Most children enter school with a natural interest in writing, an inherent need to express themselves in words (Graves, 1983). Couple this with a child''''s love of stories and nursery rhymes – who has not seen a goggle-eyed group of kindergartners lost in the world of imagination as their teacher reads them a favorite story or nursery rhyme? – and you have the basis for building an emotionally involving and intellectually stimulating creative writing program for your students. This article should help teachers with that task.

Tompkins (1982) suggests seven reasons why children should write stories (these reasons, of course, also apply to writing poetry):

Read "The True Story of the Three Little Pigs" (by Jon Scieszka) with the children. This tells the "Three Little Pigs" story from the wolf''s point of view.

Ask the children who have read the story if they can think of any of the other rooms in the factory. Make a list of these on the board for the children to refer to later.

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You are the only person who can answer your question.

Most children enter school with a natural interest in writing, an inherent need to express themselves in words (Graves, 1983). Couple this with a child''''''''''''''''''''''''''''''''''''''''''''''''''''''''''''''''s love of stories and nursery rhymes – who has not seen a goggle-eyed group of kindergartners lost in the world of imagination as their teacher reads them a favorite story or nursery rhyme? – and you have the basis for building an emotionally involving and intellectually stimulating creative writing program for your students. This article should help teachers with that task.

Tompkins (1982) suggests seven reasons why children should write stories (these reasons, of course, also apply to writing poetry):

Read "The True Story of the Three Little Pigs" (by Jon Scieszka) with the children. This tells the "Three Little Pigs" story from the wolf''''''''''''''''''''''''''''''''s point of view.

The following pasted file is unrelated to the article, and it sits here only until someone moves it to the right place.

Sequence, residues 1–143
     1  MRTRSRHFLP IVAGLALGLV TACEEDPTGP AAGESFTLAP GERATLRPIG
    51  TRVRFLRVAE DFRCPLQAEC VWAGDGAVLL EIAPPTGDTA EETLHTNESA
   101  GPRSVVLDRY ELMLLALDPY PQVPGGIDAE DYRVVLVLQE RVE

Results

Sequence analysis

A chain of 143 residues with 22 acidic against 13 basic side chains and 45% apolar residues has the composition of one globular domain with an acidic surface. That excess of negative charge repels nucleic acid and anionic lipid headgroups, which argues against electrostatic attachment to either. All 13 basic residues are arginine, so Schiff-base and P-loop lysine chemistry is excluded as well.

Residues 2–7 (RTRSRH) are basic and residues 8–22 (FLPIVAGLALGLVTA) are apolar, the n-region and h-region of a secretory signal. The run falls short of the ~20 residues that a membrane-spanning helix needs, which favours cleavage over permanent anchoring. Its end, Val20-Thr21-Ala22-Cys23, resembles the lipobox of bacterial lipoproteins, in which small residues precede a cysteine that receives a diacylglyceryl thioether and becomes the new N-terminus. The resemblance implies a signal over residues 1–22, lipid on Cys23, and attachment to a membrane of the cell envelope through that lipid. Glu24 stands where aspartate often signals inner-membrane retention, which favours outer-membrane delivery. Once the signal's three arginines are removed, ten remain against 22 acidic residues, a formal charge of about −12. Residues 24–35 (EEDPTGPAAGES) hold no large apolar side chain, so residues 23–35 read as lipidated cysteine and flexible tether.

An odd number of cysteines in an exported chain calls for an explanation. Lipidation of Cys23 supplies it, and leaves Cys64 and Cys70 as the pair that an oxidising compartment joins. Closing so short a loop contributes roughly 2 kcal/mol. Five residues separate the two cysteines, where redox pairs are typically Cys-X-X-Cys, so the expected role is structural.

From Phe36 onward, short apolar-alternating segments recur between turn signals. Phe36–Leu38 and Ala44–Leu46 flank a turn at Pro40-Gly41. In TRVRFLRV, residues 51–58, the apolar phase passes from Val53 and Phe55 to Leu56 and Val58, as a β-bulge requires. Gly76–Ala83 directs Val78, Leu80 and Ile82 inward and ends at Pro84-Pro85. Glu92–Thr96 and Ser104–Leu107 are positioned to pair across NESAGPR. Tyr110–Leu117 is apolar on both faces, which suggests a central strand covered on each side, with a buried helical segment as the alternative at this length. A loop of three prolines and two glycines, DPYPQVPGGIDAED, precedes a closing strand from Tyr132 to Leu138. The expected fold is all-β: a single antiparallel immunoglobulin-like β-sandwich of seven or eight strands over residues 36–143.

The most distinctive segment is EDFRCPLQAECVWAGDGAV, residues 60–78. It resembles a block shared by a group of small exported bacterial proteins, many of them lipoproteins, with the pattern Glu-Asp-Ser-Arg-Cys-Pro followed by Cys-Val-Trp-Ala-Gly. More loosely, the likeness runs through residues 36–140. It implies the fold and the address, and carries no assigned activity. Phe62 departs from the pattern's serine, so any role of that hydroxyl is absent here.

Ask the children who have read the story if they can think of any of the other rooms in the factory. Make a list of these on the board for the children to refer to later.

More writing activities! Here are ideas that will kick-start writing with kids. They''re written for families to do, but will work in the classroom, too:

• Round Robin Stories
• Wacky Headlines
• Invent a World

12

Study Jackie Robinson.He was baseball s first African American (1947). He was a leader in the black community.

Most children enter school with a natural interest in writing, an inherent need to express themselves in words (Graves, 1983). Couple this with a child''''''''''''''''''''''''''''''''''''''''''''''''''''''''''''''''''''''''''''''''''''''''''''''''''''''''''''''''''''''''''''''''''''''''''''''''''''''''''''''''''''''''''''''''''''''''''''''''''''''''''''''''''''''''''''''''''''''''''''''''''''''''''''''''s love of stories and nursery rhymes – who has not seen a goggle-eyed group of kindergartners lost in the world of imagination as their teacher reads them a favorite story or nursery rhyme? – and you have the basis for building an emotionally involving and intellectually stimulating creative writing program for your students. This article should help teachers with that task.

Tompkins (1982) suggests seven reasons why children should write stories (these reasons, of course, also apply to writing poetry):

Read "The True Story of the Three Little Pigs" (by Jon Scieszka) with the children. This tells the "Three Little Pigs" story from the wolf''''''''''''''''''''''''''''''''''''''''''''''''''''''''''''''''''''''''''''''''''''''''''''''''''''''''''''''''''''''''''''''''s point of view.

Ask the children who have read the story if they can think of any of the other rooms in the factory. Make a list of these on the board for the children to refer to later.

More writing activities! Here are ideas that will kick-start writing with kids. They''''''''re written for families to do, but will work in the classroom, too:

• Round Robin Stories
• Wacky Headlines
• Invent a World